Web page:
Sheffield — The Berkshires brand is a valuable asset. From cultural venues to agriculture to private schools to baking to distilling and bottled spring water, marketing our region to sell products has a long and storied history.
Soon, a highly lucrative product will be added to that list: marijuana grown legally and outdoors in the great sun and fresh air of the Berkshire Mountains. On April 4, the state Cannabis Control Commission granted provisional licenses to a pair of companies to grow marijuana on separate parcels in Sheffield.
Both hope to receive permanent licenses in the next few weeks, or in time to take advantage of this year’s growing season. In addition, a cannabis edibles manufacturer plans to open in an area off Stockbridge Road in Great Barrington. More on that later.
Theory Wellness, which opened its doors in 2017 in Great Barrington as Berkshire County’s first medical pot dispensary and earlier this year began selling the recreational variety, is partnering with organic farmer Ted Dobson to open an outdoor grow facility at Dobson’s Equinox Farm on Bow Wow Road. Click here to see the CCC’s decision on the provisional cultivation license.
“We’re very excited to have an organic outdoor process,” Brandon Pollock, Theory’s CEO, said in an interview. “Ted’s a 36-year organic farmer.”
Meanwhile, Nova Farms (formerly BCWC), a manufacturer headquartered in Attleboro, recently acquired a farm on Kellogg Road, part of which it plans to use to cultivate cannabis and related products for distribution to retailers. If all goes according to plan, the Nova and Theory operations will be the first fully licensed outdoor grow facilities in the state. Click here to see the CCC’s decision on Nova’s provisional cultivation license.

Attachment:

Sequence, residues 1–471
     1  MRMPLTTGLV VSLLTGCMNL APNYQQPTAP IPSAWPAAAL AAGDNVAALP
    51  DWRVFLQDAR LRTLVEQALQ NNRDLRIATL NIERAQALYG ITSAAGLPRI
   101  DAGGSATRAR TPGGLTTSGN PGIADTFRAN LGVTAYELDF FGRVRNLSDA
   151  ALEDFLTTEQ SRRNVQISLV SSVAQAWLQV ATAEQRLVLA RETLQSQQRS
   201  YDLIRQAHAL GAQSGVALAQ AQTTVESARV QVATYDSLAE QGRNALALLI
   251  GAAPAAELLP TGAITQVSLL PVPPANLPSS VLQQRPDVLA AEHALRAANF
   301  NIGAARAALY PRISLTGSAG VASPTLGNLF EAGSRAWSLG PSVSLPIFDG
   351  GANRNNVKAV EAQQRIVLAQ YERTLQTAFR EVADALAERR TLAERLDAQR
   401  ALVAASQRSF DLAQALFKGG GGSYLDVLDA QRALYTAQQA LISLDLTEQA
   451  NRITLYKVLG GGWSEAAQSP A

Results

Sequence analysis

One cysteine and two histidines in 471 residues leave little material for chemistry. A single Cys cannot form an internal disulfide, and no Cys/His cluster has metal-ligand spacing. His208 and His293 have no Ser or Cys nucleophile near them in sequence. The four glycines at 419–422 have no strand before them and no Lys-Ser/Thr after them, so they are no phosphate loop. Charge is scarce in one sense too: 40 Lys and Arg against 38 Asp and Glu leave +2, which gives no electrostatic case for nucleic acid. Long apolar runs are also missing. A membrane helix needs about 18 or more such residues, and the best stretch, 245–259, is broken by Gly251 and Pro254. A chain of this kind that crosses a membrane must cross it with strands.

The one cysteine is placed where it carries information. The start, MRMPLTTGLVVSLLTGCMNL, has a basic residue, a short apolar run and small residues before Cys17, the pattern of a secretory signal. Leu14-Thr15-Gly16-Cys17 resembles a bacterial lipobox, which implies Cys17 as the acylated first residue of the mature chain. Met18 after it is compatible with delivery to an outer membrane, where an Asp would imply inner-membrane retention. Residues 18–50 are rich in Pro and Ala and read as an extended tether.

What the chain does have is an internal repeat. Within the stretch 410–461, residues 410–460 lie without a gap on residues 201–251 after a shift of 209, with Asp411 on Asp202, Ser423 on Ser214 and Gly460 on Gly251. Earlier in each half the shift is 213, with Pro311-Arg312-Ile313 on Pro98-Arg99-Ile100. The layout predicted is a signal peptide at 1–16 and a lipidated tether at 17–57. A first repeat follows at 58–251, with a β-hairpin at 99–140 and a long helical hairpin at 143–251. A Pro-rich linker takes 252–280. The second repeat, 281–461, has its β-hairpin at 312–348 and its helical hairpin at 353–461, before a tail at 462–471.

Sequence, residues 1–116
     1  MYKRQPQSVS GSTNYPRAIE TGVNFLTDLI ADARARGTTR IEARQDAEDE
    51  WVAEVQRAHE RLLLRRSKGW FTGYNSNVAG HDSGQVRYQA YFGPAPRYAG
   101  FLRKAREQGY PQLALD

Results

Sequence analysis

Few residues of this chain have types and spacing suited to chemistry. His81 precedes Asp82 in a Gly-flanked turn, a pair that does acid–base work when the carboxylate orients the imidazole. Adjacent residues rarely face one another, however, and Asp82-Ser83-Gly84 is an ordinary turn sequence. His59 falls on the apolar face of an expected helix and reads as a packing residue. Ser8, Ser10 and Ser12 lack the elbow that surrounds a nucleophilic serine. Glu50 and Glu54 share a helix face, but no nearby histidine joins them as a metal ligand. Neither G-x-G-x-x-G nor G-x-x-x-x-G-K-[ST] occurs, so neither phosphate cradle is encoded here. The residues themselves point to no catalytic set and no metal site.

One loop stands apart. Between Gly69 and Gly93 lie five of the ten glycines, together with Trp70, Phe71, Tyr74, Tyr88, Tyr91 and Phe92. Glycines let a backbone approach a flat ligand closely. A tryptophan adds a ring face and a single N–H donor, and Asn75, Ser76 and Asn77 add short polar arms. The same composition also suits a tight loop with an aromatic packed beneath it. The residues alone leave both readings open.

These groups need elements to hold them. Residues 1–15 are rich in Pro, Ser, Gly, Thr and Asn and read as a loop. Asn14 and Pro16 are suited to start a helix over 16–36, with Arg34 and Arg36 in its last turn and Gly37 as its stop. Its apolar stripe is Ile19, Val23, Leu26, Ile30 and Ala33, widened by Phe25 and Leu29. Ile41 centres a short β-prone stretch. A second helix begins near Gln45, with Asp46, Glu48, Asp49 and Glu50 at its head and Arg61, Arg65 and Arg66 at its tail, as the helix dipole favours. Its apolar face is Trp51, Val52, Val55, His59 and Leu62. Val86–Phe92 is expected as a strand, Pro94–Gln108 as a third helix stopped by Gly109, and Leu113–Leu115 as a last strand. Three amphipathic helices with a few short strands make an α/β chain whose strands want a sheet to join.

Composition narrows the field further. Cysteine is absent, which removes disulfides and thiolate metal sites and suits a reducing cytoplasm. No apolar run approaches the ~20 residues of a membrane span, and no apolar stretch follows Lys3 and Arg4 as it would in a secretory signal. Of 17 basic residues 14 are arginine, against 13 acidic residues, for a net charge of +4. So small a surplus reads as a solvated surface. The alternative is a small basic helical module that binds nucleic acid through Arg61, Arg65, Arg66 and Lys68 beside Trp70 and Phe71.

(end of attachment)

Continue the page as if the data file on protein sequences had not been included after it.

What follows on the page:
Contacted on Saturday, Dobson, a longtime cannabis enthusiast, was elated. “I think it’s a long time coming,” he said. “The plant has been stigmatized for decades.”
Even as Dobson has partnered with Theory, he has sold his popular salad greens business at Equinox to Peter Chapin, who will lease 8.5 of Dobson’s 15 acres to grow arugula, mesclun and other greens. Farming runs in Chapin’s family, as his mother, Jan Johnson, owns Mill River Farm in New Marlborough.
Dobson and Theory will cultivate the marijuana on 2 acres, all of which will be fenced in and equipped with the state-of-the-art security features required by the CCC, likely including video surveillance and alarms. Dobson credited a new zoning bylaw in Sheffield for facilitating the cannabis project.
“It’s a better product because if you’re growing indoors, you’re growing in an artificial environment,” Dobson explained. “The indoor product is mostly hydroponically … I’m a soil man. You’re getting something much healthier.”
Dobson quickly added that he means no disrespect to the indoor product, but that cannabis consumers would benefit from having the choice.